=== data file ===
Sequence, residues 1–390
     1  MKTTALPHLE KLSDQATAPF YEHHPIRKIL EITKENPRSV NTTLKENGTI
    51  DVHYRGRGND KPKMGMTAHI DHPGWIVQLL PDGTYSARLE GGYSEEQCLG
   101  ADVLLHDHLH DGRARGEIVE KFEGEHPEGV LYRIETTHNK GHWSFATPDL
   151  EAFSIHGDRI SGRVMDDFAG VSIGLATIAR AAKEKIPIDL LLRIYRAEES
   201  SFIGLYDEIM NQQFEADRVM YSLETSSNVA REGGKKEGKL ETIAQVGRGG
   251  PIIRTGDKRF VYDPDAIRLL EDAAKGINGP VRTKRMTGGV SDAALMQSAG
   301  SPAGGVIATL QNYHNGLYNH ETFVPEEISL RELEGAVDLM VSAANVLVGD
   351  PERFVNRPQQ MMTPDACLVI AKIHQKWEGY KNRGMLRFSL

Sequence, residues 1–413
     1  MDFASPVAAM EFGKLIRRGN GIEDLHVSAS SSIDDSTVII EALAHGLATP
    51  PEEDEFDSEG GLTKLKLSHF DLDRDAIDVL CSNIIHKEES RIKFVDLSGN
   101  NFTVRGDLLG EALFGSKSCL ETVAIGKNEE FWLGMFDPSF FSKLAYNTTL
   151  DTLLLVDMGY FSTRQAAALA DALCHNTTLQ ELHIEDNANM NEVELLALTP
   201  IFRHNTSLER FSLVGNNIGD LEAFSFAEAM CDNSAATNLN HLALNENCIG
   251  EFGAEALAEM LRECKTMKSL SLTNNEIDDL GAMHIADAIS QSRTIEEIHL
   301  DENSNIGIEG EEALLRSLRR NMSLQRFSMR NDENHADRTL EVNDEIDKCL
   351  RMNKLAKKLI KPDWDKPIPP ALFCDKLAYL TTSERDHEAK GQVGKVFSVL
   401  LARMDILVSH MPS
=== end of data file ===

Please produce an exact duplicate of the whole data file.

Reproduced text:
Sequence, residues 1–390
     1  MKTTALPHLE KLSDQATAPF YEHHPIRKIL EITKENPRSV NTTLKENGTI
    51  DVHYRGRGND KPKMGMTAHI DHPGWIVQLL PDGTYSARLE GGYSEEQCLG
   101  ADVLLHDHLH DGRARGEIVE KFEGEHPEGV LYRIETTHNK GHWSFATPDL
   151  EAFSIHGDRI SGRVMDDFAG VSIGLATIAR AAKEKIPIDL LLRIYRAEES
   201  SFIGLYDEIM NQQFEADRVM YSLETSSNVA REGGKKEGKL ETIAQVGRGG
   251  PIIRTGDKRF VYDPDAIRLL EDAAKGINGP VRTKRMTGGV SDAALMQSAG
   301  SPAGGVIATL QNYHNGLYNH ETFVPEEISL RELEGAVDLM VSAANVLVGD
   351  PERFVNRPQQ MMTPDACLVI AKIHQKWEGY KNRGMLRFSL

Sequence, residues 1–413
     1  MDFASPVAAM EFGKLIRRGN GIEDLHVSAS SSIDDSTVII EALAHGLATP
    51  PEEDEFDSEG GLTKLKLSHF DLDRDAIDVL CSNIIHKEES RIKFVDLSGN
   101  NFTVRGDLLG EALFGSKSCL ETVAIGKNEE FWLGMFDPSF FSKLAYNTTL
   151  DTLLLVDMGY FSTRQAAALA DALCHNTTLQ ELHIEDNANM NEVELLALTP
   201  IFRHNTSLER FSLVGNNIGD LEAFSFAEAM CDNSAATNLN HLALNENCIG
   251  EFGAEALAEM LRECKTMKSL SLTNNEIDDL GAMHIADAIS QSRTIEEIHL
   301  DENSNIGIEG EEALLRSLRR NMSLQRFSMR NDENHADRTL EVNDEIDKCL
   351  RMNKLAKKLI KPDWDKPIPP ALFCDKLAYL TTSERDHEAK GQVGKVFSVL
   401  LARMDILVSH MPS